She Who Keeps Silence While a Friend Commits an Act of Idiocy Is No Friend at All


A friend (let’s call her Bride) sent me a picture of her prospective wedding dress, engagement ring, wedding band… and all the bits that seem to be a must for getting married in today’s society. The subject of her email read, “Aren’t They Absolutely and Perfectly Gorgeous!!!!!!!!!!!!!!!”

“Everything is ‘Gorgeous!!!!!!!!!!!!!!!’ indeed,” I replied.

“Do you like it?” she wanted to know.

“They are ‘Gorgeous’” I repeated.

“Give me your honest opinion, Magaly.”

“About how ‘Gorgeous’ the ring, the dress, and the venue are, Bride? You have excellent taste, and the things you’ve chosen cost almost $30,000; they are ‘Gorgeous’ and then some. I’m just worried about the ‘and then’.”

She stayed quiet for a moment, and then said, “We both [her Husband to Be and her] have jobs, we’ll manage the payments.”

“Bride, I love you, you know that right? We’ve been friends for what? Twelve years? Well, all those years, and all the crap we’ve gone through together are telling me that I would rather have you mad at me for a month or five, than sit here keeping my peace while you do something really dumb. I know you want a fairy tale wedding, but you need to make sure that your prince charming and you won’t have to sell your souls in order to pay for cake and flowers.”

Bride told me that she couldn’t talk anymore. That she would call me later.

I knew I had pissed her off, and I didn’t think I would hear from her in days. But she called an hour later.

“People are expecting a lot, Magaly,” she said as soon as I picked up the phone.

“Are ‘People’ going to pick up the bill?” I said.

She sighed. “A wedding, and the symbols in it, represent the way two people feel about each other,” she said.

“Lovely,” I said a bit too loud. “Now I know that you hate your Husband to Be and yourself so much, that you want to drown in debt, just to show people—who we both know you don’t give a damn about—that you two are great at being miserable together.” I waited for her to say something, but she didn’t so I went on. “Sorry, I know this is not time for sarcasm, but I’m so angry at you right now. It’s all I can do to stay rational. Bride, you guys live in the boonies and you have only one car, you rent a tiny apartment, you owe money in credit cards… How much do you have in savings account?”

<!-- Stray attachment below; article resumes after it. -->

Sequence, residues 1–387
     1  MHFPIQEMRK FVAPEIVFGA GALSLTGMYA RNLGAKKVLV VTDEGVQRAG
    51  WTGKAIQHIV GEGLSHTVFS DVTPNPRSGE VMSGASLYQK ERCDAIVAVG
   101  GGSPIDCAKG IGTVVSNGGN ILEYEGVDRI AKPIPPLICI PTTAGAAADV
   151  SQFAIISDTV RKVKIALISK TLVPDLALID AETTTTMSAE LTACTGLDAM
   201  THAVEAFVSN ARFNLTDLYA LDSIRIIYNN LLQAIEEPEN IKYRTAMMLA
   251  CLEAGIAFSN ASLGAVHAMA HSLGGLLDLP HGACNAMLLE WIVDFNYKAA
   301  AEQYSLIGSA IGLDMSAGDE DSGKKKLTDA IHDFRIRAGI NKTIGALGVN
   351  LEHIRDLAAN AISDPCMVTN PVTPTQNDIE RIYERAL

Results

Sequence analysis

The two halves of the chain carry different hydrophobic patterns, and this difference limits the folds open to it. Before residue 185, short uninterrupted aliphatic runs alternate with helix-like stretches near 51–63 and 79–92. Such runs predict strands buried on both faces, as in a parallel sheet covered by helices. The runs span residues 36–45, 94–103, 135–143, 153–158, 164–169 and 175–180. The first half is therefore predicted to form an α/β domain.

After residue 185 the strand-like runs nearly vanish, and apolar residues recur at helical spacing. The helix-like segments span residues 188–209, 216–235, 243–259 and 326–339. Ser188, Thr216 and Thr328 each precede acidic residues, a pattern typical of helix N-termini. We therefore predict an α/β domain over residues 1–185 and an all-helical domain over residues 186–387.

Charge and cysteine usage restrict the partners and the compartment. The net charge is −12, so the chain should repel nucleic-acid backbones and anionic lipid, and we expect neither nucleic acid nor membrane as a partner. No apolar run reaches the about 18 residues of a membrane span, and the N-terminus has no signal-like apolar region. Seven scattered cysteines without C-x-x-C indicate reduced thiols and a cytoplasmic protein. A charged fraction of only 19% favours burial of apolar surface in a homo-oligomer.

Silence.

“Well, how much?” I was losing my cool.

“$416.00,” she said.

“You are an idiot and he’s a dumb ass. What is wrong with you!” In case you didn’t notice, I get quite, um… specific when I’m upset. “Are you freaking insane?”

“No,” she said in a tiny voice. “I called you because I knew you were going to say all that. Would you talk to us together about it? I think if I hear it put like that again a couple of times, I will be fine. But I need help telling him.”

We spent twenty more minutes on the phone, me saying that the topic was something they should be able to discuss as a couple, and Bride telling me that she wouldn’t know where to start. So she called her Husband to Be, and we had a three way conversation. I repeated the whole thing (even the ‘idiot’ and ‘dumb ass’ bits), he stayed quiet the whole time. And at the end said that all he wanted was to marry Bride. Even if they did it dressed in plastic bags and exchanged candy rings from the dollar store.

All was well. Until the Husband to Be called me a few minutes later. By himself.

“You know that if I don’t get the ring Bride wants, eventually she is going to tell me that I don’t love her. Remember Japan? When she said that if you didn’t care about Valentine’s Day, then she didn’t either? So I didn’t get her anything. Then she told me that if I truly loved her, I would have known to get her something anyway, even if she had already said that she didn’t want anything?”

“I don’t know what to tell you, man,” I said. “I know my friend, and I want to help you both, but—”

He cut me off. “She sent me links to ten different engagement rings. The cheapest is $9,000.”